I would try to connect with this student on the emotional level first. The worst thing you can do is to feed into the problem by being right because he/she is not following the rules, by calling someone to remove this kid from your class. They will remove the kid from your class. But the kid will come back and will come at you again. As a teacher, you have to figure out why they are coming at you. You need to get them to feel safe in your space, you need to get them to be able to trust you. A lot of these confrontational students don't feel safe, don't trust anybody. Maybe they are just not getting the attention they need. So they seek negative attention because negative attention is better than no attention at all.
You have to treat them like your own children. When my own kids are confrontational, angry, I listen patiently to what they say because they need to feel safe to say all those things to me, and then I tell them: I still love you. If I start punishing them, I disconnect, and they are going to do something to someone else, outside of me.
L. G. Here is how I understand it: sometimes as a parent you need to let kids express themselves. Without judgment. That’s the secret. You provide that space where they can express themselves.
P. M. Sometimes, when talking to the parents of a disrespectful student, I hear from them: my kid is not disrespectful to me. And it is clear why: because there's fear of punishment or fear of rejection, abandonment, so their kids have to behave in a certain way. I'm not making a judgment on how parents raise their kids. I've raised my kids by allowing them to speak. They can say: I hate you. You can get that one from a teenager. That's all right. You can hate me. I'm not your friend. I'm your mother, and this is what you need to do.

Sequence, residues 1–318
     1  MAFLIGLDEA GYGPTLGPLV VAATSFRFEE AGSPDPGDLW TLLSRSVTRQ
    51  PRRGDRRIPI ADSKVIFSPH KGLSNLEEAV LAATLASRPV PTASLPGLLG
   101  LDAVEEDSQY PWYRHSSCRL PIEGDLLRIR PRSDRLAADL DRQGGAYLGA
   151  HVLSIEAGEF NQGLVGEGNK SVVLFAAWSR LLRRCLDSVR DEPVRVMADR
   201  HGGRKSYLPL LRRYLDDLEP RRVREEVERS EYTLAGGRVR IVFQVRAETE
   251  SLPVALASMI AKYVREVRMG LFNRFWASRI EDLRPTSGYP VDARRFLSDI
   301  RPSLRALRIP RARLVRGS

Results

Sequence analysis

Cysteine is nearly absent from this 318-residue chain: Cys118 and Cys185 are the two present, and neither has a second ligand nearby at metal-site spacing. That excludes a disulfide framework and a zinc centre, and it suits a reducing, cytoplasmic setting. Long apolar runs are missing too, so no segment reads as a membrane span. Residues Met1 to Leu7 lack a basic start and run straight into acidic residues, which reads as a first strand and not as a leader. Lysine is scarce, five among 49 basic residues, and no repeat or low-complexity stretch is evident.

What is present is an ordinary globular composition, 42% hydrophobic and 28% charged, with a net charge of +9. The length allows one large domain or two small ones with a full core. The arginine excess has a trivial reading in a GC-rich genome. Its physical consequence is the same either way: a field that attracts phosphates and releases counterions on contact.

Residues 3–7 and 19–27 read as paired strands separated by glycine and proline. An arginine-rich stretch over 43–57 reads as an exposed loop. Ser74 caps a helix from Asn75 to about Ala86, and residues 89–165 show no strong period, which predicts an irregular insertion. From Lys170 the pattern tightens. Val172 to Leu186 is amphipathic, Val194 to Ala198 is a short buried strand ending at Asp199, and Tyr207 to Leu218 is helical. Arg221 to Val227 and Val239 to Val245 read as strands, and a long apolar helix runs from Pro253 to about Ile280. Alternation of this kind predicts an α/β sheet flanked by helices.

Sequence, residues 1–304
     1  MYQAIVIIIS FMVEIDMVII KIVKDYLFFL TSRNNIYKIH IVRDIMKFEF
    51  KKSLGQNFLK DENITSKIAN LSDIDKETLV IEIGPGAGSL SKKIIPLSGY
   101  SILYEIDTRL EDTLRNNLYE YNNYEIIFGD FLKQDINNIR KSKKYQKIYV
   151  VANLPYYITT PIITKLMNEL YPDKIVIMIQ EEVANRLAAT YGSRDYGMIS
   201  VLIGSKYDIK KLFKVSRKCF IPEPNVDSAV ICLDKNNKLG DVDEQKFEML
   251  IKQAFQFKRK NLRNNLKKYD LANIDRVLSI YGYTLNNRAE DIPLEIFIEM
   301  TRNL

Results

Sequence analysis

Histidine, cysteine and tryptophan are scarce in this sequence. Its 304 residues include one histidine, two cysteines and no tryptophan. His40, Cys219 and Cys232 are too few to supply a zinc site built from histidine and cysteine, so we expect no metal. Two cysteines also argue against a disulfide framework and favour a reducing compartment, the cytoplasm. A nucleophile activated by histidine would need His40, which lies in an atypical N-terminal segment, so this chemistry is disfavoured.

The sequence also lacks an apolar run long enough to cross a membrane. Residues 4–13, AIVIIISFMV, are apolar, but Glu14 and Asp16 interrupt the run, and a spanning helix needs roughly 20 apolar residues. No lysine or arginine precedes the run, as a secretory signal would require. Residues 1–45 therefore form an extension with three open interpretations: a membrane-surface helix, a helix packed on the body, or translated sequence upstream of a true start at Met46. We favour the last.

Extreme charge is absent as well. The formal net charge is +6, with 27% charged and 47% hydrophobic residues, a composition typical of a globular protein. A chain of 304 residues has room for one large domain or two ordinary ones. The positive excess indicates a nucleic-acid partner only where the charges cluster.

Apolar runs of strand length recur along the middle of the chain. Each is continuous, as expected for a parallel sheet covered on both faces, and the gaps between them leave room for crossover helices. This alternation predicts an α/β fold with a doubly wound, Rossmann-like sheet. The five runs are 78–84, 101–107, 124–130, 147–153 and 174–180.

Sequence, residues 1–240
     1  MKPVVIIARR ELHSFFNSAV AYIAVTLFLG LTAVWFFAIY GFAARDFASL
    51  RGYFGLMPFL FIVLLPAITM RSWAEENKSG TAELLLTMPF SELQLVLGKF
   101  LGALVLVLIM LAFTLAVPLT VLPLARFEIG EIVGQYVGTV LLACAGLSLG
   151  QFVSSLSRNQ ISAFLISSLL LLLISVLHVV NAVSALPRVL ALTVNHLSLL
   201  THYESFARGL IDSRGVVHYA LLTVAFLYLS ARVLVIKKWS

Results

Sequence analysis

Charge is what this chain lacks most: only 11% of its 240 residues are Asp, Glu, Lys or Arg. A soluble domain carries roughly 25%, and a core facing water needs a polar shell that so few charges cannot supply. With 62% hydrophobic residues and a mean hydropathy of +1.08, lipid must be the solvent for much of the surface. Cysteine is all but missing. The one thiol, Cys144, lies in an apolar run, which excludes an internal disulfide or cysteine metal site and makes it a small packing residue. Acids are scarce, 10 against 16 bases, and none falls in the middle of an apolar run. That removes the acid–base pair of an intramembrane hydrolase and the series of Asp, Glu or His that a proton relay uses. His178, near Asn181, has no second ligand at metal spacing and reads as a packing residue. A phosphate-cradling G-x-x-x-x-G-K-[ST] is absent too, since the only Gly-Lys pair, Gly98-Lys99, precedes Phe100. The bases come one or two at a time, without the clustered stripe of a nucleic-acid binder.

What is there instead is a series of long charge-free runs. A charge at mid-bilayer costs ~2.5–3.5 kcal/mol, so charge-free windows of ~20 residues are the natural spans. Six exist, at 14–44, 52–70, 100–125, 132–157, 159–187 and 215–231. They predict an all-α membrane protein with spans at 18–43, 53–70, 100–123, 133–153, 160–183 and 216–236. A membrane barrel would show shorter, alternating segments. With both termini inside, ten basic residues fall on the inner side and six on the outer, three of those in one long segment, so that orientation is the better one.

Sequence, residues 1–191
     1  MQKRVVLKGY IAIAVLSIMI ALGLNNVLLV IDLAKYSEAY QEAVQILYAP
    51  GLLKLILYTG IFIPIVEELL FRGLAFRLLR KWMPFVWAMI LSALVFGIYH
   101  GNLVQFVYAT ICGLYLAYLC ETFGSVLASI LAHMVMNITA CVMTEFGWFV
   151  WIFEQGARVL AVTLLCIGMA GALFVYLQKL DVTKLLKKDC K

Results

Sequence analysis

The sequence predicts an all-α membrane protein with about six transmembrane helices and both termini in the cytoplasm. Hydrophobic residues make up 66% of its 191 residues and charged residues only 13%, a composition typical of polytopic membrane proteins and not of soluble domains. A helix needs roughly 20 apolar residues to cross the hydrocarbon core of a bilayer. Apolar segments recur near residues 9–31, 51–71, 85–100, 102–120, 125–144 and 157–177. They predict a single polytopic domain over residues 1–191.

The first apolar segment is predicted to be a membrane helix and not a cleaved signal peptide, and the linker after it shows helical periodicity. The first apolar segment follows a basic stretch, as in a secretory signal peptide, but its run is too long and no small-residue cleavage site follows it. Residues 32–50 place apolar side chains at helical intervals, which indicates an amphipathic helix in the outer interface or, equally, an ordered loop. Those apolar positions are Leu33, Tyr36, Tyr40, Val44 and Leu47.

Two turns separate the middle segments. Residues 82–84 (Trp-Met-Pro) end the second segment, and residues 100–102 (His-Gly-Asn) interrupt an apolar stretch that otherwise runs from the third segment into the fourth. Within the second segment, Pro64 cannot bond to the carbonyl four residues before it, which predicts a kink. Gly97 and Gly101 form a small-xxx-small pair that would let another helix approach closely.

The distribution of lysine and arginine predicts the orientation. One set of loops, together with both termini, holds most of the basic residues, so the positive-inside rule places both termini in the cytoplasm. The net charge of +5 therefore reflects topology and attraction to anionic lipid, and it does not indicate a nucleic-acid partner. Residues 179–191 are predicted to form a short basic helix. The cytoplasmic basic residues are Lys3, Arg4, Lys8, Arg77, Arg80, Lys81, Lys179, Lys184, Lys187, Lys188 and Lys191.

In my opinion, kids have to be able to be comfortable to let loose on someone. When you have a kid who is letting loose on you, that’s not a bad thing: they're doing it because they think that maybe you can help or guide them.
I could see where a teacher could get frustrated because they think: I have to cover so much material, and this one kid is making it impossible for me to teach my lesson.
The idea is to put out that fire right away and to strive to understand the problem with the confrontational kid.
It’s funny that many of such students end up in my gym. They peek in: oh, Ms. McGovern, I just wanted to say hi. I respond: no, you did not, you're supposed to be in your class. But I do not drive them away, instead I say: come on, let's talk. You need to be genuinely interested in them so they could come to talk to you. Even when it is not very convenient for you.
As I mentioned, I am not here just to teach the curriculum. My purpose of being in the school system is so much greater. I'm not going to change the world, but if I can help one person, that would make me happy. I'm a giver and I'm a servant.